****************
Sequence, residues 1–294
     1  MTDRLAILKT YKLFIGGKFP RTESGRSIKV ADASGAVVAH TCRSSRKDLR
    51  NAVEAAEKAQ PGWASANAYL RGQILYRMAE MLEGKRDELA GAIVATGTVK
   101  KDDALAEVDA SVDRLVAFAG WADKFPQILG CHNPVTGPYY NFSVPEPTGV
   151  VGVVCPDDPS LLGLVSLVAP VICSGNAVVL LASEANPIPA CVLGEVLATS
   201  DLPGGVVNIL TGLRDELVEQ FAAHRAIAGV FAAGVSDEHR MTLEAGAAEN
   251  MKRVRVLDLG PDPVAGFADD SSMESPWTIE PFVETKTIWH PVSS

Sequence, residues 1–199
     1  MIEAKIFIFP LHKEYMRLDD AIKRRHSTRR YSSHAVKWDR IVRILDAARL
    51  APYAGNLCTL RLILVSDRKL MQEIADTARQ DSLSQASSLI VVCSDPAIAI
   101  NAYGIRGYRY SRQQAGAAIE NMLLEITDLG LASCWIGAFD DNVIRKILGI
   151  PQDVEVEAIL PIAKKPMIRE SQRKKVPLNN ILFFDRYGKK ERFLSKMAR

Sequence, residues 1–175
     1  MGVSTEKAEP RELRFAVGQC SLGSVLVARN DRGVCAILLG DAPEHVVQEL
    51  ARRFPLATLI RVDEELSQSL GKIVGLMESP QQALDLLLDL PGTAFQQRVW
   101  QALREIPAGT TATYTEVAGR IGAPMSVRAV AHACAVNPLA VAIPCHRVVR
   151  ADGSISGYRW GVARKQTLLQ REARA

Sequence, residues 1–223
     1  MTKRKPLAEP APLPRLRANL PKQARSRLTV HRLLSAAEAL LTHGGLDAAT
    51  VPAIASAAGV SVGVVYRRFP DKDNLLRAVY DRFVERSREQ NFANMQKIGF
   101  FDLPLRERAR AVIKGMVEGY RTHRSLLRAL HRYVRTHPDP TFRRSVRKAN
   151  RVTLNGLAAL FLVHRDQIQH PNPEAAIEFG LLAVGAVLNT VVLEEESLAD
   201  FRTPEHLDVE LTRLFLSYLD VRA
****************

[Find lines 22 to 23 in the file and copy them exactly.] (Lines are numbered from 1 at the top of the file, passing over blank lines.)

   151  RVTLNGLAAL FLVHRDQIQH PNPEAAIEFG LLAVGAVLNT VVLEEESLAD
   201  FRTPEHLDVE LTRLFLSYLD VRA